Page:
Into the Arctic

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Photo courtesy Maksim.

INTERESTENG. welcomes a new little student to our family from the Far North of Russia, some 90 miles inside the Arctic Circle. Darya is still a little too young to share her own stories with us, but her family has kindly sent us some photos. 

     The advent of any new student brings with it the happy task
of learning about a part of
the world we knew little (or nothing) about before. One book we would never have dreamed of being so gripped by is Arctic Dreams by Barry Lopez.   

     In all cultures, the importance of words in helping us see what our eyes miss, or misinterpret, is often overlooked. Yet, more often than not, it is words that open our understanding to other places and cultures. Barry Lopez gives a wonderful example of this. Explorers to the Canadian Arctic in the 1930s showed their invaluable native guide a pair of binoculars. After looking toward the direction they’d left and then toward the direc-tion they were headed, the guide said words to the effect, “Ah, a tool to see yesterday and tomorrow!”  

     To see, with the help of the binoculars, the distant igloo they had left yesterday was to see yesterday. To see the polar bear in the distance, where they hoped to reach tomorrow, was to see tomorrow in their eyes.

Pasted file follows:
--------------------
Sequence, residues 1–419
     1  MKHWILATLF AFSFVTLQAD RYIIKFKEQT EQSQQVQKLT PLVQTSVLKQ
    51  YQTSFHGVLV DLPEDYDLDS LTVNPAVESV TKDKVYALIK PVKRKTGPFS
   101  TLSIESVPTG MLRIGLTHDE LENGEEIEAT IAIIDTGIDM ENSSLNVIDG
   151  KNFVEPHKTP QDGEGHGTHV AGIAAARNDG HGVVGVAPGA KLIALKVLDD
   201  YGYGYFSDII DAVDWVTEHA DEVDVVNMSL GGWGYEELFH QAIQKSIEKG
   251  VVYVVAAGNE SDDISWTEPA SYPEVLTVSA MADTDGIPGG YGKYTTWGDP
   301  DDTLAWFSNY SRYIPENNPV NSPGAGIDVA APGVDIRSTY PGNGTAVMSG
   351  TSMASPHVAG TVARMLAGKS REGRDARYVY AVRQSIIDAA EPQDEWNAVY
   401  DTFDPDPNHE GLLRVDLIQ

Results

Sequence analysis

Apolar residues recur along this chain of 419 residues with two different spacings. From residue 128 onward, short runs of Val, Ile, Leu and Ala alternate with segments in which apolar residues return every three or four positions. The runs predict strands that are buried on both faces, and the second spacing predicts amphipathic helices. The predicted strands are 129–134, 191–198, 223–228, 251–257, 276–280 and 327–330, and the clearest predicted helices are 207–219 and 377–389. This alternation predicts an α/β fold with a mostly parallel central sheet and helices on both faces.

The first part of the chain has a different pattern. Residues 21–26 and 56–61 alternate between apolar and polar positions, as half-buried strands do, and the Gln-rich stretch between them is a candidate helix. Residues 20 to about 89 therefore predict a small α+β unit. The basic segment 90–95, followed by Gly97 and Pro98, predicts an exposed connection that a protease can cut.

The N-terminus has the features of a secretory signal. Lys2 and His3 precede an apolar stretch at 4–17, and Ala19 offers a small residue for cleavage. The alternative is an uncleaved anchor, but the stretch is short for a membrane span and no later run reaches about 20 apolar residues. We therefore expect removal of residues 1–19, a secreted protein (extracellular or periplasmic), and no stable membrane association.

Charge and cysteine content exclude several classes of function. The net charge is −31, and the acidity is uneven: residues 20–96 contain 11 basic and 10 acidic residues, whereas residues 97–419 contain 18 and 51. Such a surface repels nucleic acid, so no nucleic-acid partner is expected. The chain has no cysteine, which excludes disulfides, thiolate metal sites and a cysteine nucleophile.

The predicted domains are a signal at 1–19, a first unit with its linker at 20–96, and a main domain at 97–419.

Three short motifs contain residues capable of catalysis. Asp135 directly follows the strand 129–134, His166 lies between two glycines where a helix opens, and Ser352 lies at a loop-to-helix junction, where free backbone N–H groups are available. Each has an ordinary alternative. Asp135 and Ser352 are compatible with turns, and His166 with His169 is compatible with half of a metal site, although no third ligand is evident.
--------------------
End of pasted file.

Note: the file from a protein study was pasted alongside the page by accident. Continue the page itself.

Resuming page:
Not only “distance,” but time, is thought of in unique ways in the Arctic we’ve learned already. Where there are months of only daylight, and months with only dusk and night, “sunrise to sunset” has very little meaning. Instead of a world thought of in “24 hour”
increments, there is a world more accurately measured by 2 seasons: winter and summer. The sun 
in the summer (when you see it), rather than “rising in the east and setting in the west,”  is more like a huge beach ball staying in one place and slowly “rolling over” in the sky each day.  The photo below is the view from Darya’s family’s apartment about noon in mid-December. The temperature was -40F. The light map shows the sunlight at about noon that day. It was below the horizon but still cast light in the sky. (Darya’s city is indicated by the red marker.) 



 ©InterestEng. July 2013 - July 2021 §  The stories in the magazine portion of the site are written by English language learners. Stories are corrected by a native English speaker.  § Photos are staff photos or used with permission.  §  To contact us: